Video quality ranges from 176-by-144 to 640-by-480; the higher the resolution, however, the lower the frame rate. You can up the frame rate, but your network throughput will ultimately determine your video quality. I tried the Rovio at all resolutions and found that even though the frame rate dropped below 20 frames per second, 640-by-480 gave me the clearest view of Rovio's surroundings. Luckily, a slider on the interface makes it easy for you to choose just the right combination of speed and overall quality for your network, and it also acts as a brightness control. (Full Story)

How to Meter Your Internet Usage  

Posted by Mohammad Talha in ,

As Internet service providers seek to limit the amount of bandwidth subscribers can use in a billing period, some customers are unpleasantly surprised at how quickly they're cut off.

Internet service providers can't provide infinite bandwidth, as much as we'd like them to. They need to manage their resources so that every customer gets a fair share of the bandwidth. Comcast is capping its customers at a loose 250 gigabytes per month. AT&T is experimenting with caps ranging from 20GB to 150GB per month, depending on service plan. Comcast will throttle ("deprioritize") your service, while AT&T will charge you additional fees for exceeding your cap. Other ISPs are implementing similar plans.

ou may wonder why anyone wants or needs 150GB or 250GB of content per month, but as more video content moves to the Internet and more devices, such as game consoles, iPods, TiVos and other DVRs, and even TVs, are fed by the data stream, you can pretty much guarantee that your usage has gone up or will go up soon. If you get the dreaded notification or extra bill from your ISP, how do you know whether to acquiesce, tone down your data consumption, or cry "Foul!"? You could take your ISP's word for it, but it's smarter to monitor your own usage.

For a single PC, the job is simple. If you use McAfee VirusScan or Total Protection 2009, you can use the program's built-in monitor. It works for one Windows PC only, but it captures everything that flows through. There are also freeware usage meters, which are feature-rich—and some let you set bandwidth caps for a given period and warn you when you're getting close. Typically, these meters can also measure upload and download speed, so you can see whether your ISP is upholding its side of the bargain and delivering the throughput you're paying for.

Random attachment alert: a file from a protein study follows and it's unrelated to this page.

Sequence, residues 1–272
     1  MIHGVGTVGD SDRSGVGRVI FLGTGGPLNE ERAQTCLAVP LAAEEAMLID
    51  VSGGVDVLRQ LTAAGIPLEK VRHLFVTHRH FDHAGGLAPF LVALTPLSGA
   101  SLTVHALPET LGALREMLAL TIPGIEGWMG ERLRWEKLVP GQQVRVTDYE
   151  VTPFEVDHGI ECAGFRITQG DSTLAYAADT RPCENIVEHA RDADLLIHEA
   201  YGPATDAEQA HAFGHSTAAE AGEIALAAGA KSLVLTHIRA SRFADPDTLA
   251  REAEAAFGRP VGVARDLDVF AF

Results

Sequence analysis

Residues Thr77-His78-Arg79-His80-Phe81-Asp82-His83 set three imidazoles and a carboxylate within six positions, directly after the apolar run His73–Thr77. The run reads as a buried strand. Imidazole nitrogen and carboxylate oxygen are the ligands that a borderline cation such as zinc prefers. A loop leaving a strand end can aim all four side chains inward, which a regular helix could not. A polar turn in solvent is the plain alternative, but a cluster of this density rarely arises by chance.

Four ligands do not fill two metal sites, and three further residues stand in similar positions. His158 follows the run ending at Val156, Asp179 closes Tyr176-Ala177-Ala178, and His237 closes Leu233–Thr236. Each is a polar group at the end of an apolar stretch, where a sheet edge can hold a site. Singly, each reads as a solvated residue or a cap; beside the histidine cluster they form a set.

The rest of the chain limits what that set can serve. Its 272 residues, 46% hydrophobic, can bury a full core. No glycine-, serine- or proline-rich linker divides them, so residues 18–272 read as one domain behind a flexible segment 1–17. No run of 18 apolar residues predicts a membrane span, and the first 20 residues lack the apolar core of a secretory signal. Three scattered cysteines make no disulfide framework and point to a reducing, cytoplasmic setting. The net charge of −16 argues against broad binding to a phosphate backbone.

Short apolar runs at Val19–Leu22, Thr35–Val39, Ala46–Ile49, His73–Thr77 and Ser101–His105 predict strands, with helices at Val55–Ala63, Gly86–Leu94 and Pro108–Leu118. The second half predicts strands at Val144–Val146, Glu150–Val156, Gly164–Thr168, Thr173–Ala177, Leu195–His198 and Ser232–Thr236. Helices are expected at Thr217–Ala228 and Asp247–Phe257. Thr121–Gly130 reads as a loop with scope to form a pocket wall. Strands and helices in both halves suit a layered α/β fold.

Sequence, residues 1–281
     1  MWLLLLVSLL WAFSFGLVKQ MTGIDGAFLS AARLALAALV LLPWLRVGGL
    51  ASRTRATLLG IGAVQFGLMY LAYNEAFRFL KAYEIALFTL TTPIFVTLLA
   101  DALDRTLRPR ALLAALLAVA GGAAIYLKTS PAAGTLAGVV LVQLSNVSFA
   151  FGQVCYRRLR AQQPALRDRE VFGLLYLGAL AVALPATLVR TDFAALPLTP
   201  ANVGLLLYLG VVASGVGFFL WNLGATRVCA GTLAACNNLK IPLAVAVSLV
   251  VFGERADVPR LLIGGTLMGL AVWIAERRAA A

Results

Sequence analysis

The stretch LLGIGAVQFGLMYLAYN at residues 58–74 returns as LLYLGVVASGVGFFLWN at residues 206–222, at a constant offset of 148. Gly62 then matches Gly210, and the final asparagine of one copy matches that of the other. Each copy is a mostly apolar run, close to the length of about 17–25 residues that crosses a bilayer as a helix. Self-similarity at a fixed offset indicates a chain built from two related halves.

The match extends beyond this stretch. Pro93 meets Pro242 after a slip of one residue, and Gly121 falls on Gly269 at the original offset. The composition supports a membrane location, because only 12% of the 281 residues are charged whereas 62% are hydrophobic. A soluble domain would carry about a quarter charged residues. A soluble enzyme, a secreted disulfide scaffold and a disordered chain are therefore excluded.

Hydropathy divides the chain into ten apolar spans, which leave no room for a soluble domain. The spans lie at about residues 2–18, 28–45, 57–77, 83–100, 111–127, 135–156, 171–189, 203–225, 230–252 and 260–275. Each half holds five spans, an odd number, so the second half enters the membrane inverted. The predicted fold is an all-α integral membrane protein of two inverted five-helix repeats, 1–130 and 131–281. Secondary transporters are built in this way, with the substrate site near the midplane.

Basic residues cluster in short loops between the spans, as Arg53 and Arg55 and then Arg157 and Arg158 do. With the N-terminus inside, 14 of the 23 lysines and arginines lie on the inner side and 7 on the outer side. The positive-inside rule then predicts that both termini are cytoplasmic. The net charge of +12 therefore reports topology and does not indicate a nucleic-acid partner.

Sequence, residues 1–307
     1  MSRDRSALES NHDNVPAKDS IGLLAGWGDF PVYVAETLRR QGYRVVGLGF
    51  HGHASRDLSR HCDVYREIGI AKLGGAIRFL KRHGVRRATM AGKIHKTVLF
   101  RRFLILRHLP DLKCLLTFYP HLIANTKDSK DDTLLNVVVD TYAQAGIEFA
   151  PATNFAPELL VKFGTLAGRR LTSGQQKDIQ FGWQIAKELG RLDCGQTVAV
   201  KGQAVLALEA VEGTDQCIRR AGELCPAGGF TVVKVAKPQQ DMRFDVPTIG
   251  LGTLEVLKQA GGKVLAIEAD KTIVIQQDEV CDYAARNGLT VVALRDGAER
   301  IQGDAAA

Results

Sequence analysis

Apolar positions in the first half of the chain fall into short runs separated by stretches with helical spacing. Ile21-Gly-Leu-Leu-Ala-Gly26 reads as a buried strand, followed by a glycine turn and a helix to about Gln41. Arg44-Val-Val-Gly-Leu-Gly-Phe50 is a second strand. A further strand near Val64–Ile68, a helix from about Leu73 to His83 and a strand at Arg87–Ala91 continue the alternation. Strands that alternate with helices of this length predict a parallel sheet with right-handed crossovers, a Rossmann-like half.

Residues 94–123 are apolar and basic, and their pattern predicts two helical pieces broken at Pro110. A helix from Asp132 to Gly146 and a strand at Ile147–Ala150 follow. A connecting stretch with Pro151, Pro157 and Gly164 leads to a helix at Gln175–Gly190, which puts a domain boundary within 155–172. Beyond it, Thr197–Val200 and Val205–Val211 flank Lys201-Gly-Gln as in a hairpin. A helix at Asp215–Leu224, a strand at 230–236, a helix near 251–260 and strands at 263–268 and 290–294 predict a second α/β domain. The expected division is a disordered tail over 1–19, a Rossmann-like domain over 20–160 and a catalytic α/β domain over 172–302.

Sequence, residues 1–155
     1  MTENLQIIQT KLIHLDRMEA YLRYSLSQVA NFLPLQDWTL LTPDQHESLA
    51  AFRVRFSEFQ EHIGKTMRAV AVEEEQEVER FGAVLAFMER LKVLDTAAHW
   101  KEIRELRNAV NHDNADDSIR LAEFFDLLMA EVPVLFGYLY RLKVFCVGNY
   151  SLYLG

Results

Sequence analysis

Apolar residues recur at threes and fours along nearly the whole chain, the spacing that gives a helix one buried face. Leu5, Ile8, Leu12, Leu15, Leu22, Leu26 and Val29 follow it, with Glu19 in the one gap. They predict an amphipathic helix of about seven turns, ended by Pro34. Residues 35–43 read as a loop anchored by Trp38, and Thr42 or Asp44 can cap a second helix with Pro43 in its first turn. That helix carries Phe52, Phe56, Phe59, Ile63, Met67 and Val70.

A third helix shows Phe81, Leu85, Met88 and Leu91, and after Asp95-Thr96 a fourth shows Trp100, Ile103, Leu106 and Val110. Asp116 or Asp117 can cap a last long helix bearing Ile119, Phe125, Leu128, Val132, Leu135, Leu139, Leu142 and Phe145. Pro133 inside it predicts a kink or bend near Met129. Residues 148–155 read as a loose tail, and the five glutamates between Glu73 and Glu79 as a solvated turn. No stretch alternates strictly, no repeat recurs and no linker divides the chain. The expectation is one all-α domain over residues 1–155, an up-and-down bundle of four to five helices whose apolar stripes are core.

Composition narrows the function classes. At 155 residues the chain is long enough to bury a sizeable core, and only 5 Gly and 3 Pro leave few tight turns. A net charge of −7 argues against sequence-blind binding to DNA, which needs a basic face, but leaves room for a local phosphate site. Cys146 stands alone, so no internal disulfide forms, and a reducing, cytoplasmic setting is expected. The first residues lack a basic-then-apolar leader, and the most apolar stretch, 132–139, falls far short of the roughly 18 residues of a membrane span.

Some of the popular Windows-based meters are:

BitMeter 2 (free)
BitMeter 2 can run as a transparent overlay on your screen or in the system tray. It provides real-time as well as cumulative logging and also ISP alert levels.

WatchWAN (free)
WatchWAN is designed to be accurate down to the packet. Using the WinCap packet-capturing library and filters for MAC and IP addresses, it eliminates packet exchanges between your PC and your cable modem or router and other spurious traffic that can inflate your local usage count.

Bandwidth Meter Pro ($19.95)
Since it has pretty much the same feature set as BitMeter 2, you may not see a specific advantage to paying for Bandwidth Meter Pro. But it has handsomer screens, a well-organized tutorial and help file, and a few more operating/display modes.

If you're serious about tracking your Internet consumption across multiple PCs, you'll have to install the software on each of them and tally up the results. That omits, of course, your Xbox 360, TiVo, Netflix box, or any other device that receives streaming media. The only way to capture their traffic is at the router level. (full Story)

Tips for Deleting Your Cell Phone Data  

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Getting rid of your phone? Before you do, follow this advice in order to prevent your data from falling into the wrong hands.

When the John McCain campaign didn't wipe out their BlackBerrys before they sold them, they unwittingly dumped a trove of confidential phone numbers into a reporter's hands. When you throw out or recycle a phone, you may be doing the same thing—letting the next person who grabs it see your old text messages, or your mom's number, or that "seductive" photo you took for your significant other.

Fortunately, there's an easy way to solve this problem: before you ditch, sell, recycle or donate your device, wipe it.

If you've just bought a new phone from your carrier, you can take your old and new phones to the carrier's store. They'll wipe out the old phone for you, and they'll probably be able to transfer your contacts to the new phone, too (though they may charge you about $10). Then you can give the old phone away, sell it on eBay or or donate it to a charity by dropping it off at the carrier retail store.

Otherwise, here are some tips for deleting data on your own. These tips won't protect your phones against police-grade forensic software, but they'll protect you against casual poking around.

All Phones: Remember to remove any memory cards. Also, before you sell or give away a phone, either remove your SIM card (for AT&T and T-Mobile users) or call your carrier to get them to remove the phone from your account (for Verizon, Sprint, Alltel, Cricket and MetroPCS users).

BlackBerrys: From the home screen, select Options, then Security Options, then General Settings. Click the menu button. Select Wipe Handheld.